Edinburgh, Sydney, Munich, Biografilm
A candid exploration of the rise and fall of Whitney Houston.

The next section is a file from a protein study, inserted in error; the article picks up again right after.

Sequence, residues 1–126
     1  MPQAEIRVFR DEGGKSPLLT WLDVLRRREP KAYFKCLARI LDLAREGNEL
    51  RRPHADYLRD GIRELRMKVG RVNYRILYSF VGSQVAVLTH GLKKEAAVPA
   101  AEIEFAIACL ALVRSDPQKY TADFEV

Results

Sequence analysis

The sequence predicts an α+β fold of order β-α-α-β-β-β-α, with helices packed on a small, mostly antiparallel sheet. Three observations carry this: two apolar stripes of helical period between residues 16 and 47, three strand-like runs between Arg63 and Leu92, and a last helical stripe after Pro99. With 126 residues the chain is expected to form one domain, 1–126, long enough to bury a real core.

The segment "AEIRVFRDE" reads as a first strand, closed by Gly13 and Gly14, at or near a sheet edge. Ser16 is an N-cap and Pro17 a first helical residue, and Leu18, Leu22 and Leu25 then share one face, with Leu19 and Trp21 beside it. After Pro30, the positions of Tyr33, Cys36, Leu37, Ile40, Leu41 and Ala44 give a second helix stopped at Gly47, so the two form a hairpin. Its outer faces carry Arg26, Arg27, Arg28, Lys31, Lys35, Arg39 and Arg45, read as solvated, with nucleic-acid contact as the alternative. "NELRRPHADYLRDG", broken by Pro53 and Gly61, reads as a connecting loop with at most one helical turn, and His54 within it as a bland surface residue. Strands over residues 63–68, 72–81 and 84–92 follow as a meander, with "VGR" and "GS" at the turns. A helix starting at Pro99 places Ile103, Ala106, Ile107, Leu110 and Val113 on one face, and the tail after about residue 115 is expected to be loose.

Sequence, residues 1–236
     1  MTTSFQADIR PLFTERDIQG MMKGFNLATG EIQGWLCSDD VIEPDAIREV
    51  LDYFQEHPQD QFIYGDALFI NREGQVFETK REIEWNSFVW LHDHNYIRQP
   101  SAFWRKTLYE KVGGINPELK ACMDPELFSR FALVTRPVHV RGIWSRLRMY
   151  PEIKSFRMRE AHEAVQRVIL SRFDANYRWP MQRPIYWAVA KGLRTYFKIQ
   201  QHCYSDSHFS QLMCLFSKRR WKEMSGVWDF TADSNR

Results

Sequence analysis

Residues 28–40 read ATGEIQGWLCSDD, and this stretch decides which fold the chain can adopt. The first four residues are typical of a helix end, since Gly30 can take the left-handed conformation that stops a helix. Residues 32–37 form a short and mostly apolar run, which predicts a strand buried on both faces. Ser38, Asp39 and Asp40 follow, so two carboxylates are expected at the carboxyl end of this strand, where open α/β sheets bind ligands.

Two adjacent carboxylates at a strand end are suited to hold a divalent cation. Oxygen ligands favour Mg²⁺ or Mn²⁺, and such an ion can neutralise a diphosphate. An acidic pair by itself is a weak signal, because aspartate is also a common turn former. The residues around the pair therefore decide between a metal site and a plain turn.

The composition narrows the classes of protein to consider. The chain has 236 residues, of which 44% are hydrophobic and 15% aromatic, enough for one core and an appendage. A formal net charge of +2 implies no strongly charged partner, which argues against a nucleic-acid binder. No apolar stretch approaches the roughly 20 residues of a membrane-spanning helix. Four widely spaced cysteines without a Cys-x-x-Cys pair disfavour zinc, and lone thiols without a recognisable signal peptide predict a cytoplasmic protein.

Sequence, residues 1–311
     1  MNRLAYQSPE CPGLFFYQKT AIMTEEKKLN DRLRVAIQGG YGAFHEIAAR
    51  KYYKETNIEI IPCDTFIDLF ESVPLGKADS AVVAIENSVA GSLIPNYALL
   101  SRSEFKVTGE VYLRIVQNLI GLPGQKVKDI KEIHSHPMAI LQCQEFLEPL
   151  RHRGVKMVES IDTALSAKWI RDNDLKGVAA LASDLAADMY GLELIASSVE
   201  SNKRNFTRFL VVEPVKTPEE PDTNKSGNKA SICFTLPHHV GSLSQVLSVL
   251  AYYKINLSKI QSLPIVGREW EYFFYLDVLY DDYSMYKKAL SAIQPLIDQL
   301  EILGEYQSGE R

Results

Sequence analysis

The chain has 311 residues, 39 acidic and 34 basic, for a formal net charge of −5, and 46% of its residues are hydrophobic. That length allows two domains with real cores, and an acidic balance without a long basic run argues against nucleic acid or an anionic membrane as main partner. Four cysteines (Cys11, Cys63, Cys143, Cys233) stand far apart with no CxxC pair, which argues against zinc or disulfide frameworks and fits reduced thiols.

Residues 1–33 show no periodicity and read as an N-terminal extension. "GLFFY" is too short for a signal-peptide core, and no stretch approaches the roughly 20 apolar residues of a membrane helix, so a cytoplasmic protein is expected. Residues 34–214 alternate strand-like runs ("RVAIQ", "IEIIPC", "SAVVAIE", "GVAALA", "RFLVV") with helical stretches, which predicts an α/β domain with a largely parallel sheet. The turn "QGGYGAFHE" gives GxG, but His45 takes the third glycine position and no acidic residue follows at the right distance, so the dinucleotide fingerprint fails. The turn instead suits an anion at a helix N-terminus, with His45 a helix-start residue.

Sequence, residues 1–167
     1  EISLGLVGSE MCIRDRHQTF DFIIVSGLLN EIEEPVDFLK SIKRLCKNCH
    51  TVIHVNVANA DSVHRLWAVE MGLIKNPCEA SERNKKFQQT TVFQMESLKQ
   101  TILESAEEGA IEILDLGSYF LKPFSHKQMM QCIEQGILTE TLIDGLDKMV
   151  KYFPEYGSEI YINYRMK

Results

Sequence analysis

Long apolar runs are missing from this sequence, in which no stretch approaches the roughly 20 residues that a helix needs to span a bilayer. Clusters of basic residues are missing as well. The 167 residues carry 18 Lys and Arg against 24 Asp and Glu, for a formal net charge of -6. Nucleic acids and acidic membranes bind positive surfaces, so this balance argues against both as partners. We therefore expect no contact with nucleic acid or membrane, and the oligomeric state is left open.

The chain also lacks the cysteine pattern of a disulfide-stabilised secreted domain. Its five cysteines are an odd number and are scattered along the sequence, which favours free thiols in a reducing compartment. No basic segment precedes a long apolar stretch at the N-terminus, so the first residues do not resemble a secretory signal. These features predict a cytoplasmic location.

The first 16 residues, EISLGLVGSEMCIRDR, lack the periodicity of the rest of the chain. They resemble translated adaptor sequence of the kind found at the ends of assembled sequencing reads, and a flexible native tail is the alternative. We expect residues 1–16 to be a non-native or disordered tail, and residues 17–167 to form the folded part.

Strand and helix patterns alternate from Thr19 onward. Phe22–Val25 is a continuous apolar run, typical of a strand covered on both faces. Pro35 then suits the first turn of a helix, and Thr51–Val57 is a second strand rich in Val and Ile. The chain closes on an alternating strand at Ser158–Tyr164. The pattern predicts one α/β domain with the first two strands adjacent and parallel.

Kevin Macdonald’s film on Houston is the second within a year, following the compelling WHITNEY. “CAN I BE ME” by Nick Broomfield and Rudi Dolezal. While the latter drew largely from interviews with friends and associates of the late singer, as well as intimate backstage footage, this latest, heartbreaking biography has the participation of Houston’s family and close confidantes, and through them an archive of early recordings of Houston. In the tragedy of the celebrated but troubled singer’s life, there’s ample room for both films, and, to Macdonald’s credit, he hasn’t created a bowdlerized version of Whitney’s story to placate the family. Elements that one might have feared would be excised in a semi-authorized film remain, such as a consideration of the performer’s same-sex relationship with Robyn Crawford, even if given less import or space as in the previous film, and with the homophobic resentment displayed by one of Houston’s brothers left unexplored. The helmer also is provided with a bombshell of childhood sexual abuse suffered by Whitney (and at least one sibling) by a family member, a charged revelation that unfortunately is not unpacked enough and instead is left to linger menacingly and somewhat irresponsibly in the background. While Macdonald’s treatment of Houston’s rise puts to the fore the influence of family members on the development of her talent and career, correcting the long-propagated myth that Clive Davis “created” her, the director seems far more interested in exploring the singer’s sad decline and tragic death at 48 – as well as the even sadder fate of her neglected, troubled daughter soon after. Perhaps fittingly, Whitney is felt more as an absence than a presence as this aspect of her story develops, with only occasional moments of her singing coming through to remind us of what was lost.